According to the latest report of the Australian Bureau of Statistics, Melbourne has the highest population growth over 2019. Melbourne is followed by Brisbane among the highest growth rate of capital cities.
The latest Regional Population Growth report by the ABS showed a 2.3 per cent (113,480) population increase over 2019. Net overseas migration was a major contributor to the increase in Melbourne. Other factors include net integral migration and natural. All three components evenly contribute to the population growth in Brisbane of 2.1 per cent (52,287).
Melbourne’s population is now more than 5.2 million surpassing Queensland’s total population late last year. Victoria’s capital city is well on its way to overtake Sydney soon.
The impacts of population growth in both Melbourne and Brisbane are growing. There is an increasing demand for housing, infrastructures and living standards. Billions worth of infrastructure are underway in Melbourne including the $9.3 billion inland rail from Melbourne to Brisbane and the $11 billion Melbourne Metro Tunnel.
Several projects for various purposes including air travel, road networks, healthcare and community engagement are in the midst of construction in both majour cities.
The Australian government announced stricter restrictions in the country to prevent further spread of the Covid-19. Social-distancing, self-isolation and lockdown are now in place in efforts to flatten the curve.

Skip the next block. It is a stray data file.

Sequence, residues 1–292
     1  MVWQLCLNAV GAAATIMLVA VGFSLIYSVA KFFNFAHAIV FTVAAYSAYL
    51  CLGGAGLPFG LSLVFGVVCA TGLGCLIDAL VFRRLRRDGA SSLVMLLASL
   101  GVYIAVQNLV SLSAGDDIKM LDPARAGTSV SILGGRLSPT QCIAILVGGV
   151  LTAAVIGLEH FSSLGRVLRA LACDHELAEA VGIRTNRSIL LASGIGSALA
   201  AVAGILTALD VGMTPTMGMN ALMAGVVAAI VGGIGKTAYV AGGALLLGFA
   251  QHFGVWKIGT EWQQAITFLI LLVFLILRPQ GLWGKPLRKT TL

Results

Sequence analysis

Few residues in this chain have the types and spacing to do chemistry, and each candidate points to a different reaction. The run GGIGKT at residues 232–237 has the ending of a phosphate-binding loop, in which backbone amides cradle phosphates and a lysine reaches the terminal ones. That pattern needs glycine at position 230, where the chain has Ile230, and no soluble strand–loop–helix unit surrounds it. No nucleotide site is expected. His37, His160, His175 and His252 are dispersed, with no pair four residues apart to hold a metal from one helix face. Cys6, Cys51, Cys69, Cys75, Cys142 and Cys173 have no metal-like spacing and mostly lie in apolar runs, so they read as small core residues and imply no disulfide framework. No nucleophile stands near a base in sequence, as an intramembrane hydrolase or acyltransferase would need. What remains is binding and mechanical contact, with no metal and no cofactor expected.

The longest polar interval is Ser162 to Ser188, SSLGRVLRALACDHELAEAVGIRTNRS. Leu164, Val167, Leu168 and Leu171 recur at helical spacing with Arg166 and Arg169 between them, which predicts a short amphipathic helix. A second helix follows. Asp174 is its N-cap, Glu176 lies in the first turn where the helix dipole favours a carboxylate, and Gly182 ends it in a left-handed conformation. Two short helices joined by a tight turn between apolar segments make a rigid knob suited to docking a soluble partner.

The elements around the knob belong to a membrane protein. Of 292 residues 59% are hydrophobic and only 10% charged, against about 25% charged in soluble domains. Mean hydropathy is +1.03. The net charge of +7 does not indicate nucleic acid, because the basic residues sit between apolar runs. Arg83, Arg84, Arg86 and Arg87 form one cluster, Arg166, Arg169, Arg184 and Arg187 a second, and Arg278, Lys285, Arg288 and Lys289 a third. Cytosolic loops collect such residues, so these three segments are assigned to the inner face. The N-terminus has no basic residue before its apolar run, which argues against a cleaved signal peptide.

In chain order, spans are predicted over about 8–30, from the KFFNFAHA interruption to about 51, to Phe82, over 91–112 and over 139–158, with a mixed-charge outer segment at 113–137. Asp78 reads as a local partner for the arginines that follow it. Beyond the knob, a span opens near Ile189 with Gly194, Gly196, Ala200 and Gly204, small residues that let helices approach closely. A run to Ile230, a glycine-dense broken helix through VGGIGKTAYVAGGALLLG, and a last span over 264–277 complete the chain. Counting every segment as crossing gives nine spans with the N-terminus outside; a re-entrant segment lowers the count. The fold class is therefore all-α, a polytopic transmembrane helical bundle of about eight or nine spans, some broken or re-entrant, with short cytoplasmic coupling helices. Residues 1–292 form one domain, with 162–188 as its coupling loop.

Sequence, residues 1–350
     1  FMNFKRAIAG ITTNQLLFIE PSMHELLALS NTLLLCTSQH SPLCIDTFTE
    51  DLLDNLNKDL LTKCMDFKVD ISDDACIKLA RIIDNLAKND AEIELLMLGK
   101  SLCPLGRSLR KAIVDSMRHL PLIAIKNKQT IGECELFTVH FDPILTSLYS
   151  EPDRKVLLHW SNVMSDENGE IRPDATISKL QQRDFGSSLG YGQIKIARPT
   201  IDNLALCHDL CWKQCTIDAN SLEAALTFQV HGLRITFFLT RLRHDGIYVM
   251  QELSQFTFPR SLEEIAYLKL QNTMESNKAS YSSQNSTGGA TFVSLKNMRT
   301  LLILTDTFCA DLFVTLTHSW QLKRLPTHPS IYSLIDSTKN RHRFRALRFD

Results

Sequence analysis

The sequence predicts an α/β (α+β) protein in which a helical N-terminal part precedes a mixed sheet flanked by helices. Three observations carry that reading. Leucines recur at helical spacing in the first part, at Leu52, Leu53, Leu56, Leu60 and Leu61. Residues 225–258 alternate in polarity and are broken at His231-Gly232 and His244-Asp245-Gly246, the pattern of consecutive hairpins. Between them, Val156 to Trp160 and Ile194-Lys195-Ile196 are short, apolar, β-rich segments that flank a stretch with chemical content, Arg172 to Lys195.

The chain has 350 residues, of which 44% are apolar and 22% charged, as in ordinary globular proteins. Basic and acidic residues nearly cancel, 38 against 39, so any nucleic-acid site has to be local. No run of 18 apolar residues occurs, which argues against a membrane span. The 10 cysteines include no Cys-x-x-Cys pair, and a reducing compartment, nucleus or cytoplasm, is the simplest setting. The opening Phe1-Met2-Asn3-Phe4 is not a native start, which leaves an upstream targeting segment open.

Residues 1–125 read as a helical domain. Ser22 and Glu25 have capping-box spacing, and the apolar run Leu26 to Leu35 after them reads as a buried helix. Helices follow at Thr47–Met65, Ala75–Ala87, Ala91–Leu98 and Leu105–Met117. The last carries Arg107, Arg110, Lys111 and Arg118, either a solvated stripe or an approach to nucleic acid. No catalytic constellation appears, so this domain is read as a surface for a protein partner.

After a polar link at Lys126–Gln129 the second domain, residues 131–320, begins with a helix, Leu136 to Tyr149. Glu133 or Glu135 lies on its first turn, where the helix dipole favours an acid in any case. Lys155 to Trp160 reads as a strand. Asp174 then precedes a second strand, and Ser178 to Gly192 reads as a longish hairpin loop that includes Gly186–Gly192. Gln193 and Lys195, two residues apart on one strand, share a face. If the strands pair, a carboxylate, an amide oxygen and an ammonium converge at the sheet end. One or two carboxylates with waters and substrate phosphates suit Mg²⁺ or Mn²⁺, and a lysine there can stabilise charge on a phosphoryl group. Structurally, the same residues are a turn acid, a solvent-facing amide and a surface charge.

According to University of Melbourne epidemiologist Tony Blakely, to flatten the curve does not mean stopping the transmission. He explained that the phrase means to slow down and contain the contagion into a manageable level. It is vital that the situation “pick up a bit and then hold” said Blakely.
Blakely also said Australia’s approach to achieving herd immunity with “over 60 per cent” being infected. This means the majority of the population will have developed immunity to protect them from the virus. Herd community will then disrupt further contraction despite the absence of the vaccine.
Immunologist and Nobel Prize winner Peter Doherty said the virus will flatten in the “next couple of weeks.” Doherty commended the federal government’s actions in battling the pandemic. “Basically, the government is stepping up to the plate. I think the steps announced by the Prime Minister and the premiers will dampen this down,” Doherty said.